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Geropsychology, Have You Heard of It?

Worldwide, there are approximately 900 million individuals over the age of 60. Although 15% of this population suffers from a mental disorder, only about 3% of older adults report seeking help for their symptoms. “Why this percentage is so low,” you ask? Well, there are actually several possible reasons why so few older adults seek mental health treatment. The biggest reason is that older adults often attribute their symptoms to aging and assume they are normal. However, their symptoms are much more likely to be associated with a variety of mental disorders that are commonly experienced by adults in this age range. The most common mental disorders experienced by this population are dementia, depression, anxiety, and substance use. Additionally, this population has one of the highest rates of suicide; specifically, men aged 85 years and older have the highest rate of suicide of any other age group in the United States. Another reason this population may not be seeking treatment for their mental health is that they are hesitant. Mental health is viewed in a very different light by this generation; it tends to be seen as a sign of weakness, which further decreases the likelihood of older adults admitting that something may be wrong with their current level of functioning. They may fear that if they admit something is wrong, they will lose their independence by being sent to an assisted living facility that cannot help manage their psychological symptoms. An additional reason is that older adults find it difficult to access the necessary resources for their mental well-being when they do seek services. Perhaps, they are unaware of who geropsychologists are and that they are devoted to providing care and assisting older adults in finding the resources they need.

Okay, so now that we know about geropsychology and we know that its focus is on improving the mental well-being of our elderly loved ones, we should also know how geropsychologists use their knowledge to care for this population. Although this is a fairly new career that falls under the umbrella of clinical psychology, it specializes in understanding and treating the challenges that come with aging. First and foremost, geropsychologists are well-versed in adult development and the normal biological, psychological, and social aging process. This means that they can quickly notice when something is abnormal and can pinpoint what type of services may be needed, such as testing for a certain diagnosis. They are also familiar with the behavioral and mental health illnesses that appear in late life, like dementia. Geropsychologists possess more knowledge of the disorders commonly experienced by this population and can quickly step-in to preserve or improve how well the individual’s mind is working. Geropsychologists also understand the types of psychological tests that can be used to look at how well an individual is able to complete their daily tasks and changes in mood, decision making, and thinking. Additionally, they understand the challenges this population faces that others do not, such as family caregiving strains, adjusting to aging-related stresses in marriage, and end-of-life care. Most importantly, geropsychologists seek to help this population in any way possible by providing them with therapy, collaborating on developing skills to manage symptoms, and by connecting them with resources in their community that may help with difficulties like transportation.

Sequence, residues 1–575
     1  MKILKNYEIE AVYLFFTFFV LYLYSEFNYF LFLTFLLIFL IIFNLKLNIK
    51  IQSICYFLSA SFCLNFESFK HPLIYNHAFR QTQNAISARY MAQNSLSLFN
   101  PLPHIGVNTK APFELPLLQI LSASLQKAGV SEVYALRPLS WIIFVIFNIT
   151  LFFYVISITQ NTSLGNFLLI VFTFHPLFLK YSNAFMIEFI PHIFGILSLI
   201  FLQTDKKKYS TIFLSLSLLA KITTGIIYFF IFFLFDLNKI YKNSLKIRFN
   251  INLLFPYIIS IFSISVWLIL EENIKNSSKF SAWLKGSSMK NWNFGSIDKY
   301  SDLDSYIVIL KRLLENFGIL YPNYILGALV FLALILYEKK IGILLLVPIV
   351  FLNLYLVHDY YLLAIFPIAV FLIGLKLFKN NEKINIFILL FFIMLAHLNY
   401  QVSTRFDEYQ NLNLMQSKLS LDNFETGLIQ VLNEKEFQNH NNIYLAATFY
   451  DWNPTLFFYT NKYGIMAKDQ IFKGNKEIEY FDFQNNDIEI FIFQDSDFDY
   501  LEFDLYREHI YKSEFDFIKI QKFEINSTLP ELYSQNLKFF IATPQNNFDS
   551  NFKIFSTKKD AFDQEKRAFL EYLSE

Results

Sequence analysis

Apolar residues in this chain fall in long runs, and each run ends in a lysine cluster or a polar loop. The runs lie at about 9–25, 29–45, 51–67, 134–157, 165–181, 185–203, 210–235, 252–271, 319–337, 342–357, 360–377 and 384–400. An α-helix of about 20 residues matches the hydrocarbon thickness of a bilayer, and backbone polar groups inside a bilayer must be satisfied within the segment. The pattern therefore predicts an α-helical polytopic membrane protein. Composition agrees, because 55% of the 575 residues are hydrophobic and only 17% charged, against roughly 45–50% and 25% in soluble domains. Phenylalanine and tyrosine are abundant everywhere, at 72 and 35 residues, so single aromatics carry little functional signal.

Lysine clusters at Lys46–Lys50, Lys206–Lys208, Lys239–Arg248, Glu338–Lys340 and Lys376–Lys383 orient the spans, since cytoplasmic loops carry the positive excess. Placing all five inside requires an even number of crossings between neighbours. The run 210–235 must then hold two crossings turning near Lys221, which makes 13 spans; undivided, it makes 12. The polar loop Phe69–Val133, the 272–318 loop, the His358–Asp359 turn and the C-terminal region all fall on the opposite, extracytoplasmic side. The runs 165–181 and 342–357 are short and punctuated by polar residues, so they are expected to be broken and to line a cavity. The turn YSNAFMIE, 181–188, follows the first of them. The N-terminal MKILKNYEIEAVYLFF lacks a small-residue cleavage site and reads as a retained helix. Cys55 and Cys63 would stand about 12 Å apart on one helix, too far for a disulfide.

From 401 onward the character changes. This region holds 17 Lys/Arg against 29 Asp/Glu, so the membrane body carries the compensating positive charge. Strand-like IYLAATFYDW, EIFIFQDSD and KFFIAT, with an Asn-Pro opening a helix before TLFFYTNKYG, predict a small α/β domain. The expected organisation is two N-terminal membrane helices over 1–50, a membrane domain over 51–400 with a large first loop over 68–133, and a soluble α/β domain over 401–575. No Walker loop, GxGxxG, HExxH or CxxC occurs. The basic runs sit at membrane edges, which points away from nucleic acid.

By connecting with someone who specializes in the difficulties associated with mental health that this population faces, older adults may feel more comfortable seeking treatment for their psychological symptoms. But what if my grandma doesn’t know where to go or how to find someone who can help her with the symptoms she is experiencing? Great question! Luckily there are several resources available to educate grandma on the importance of mental health and on geropsychology, a specialty that focuses on her and her needs. Attached are helpful resources that can be passed on to the older adult in your life if they are looking for more information about their symptoms or are simply looking for resources.

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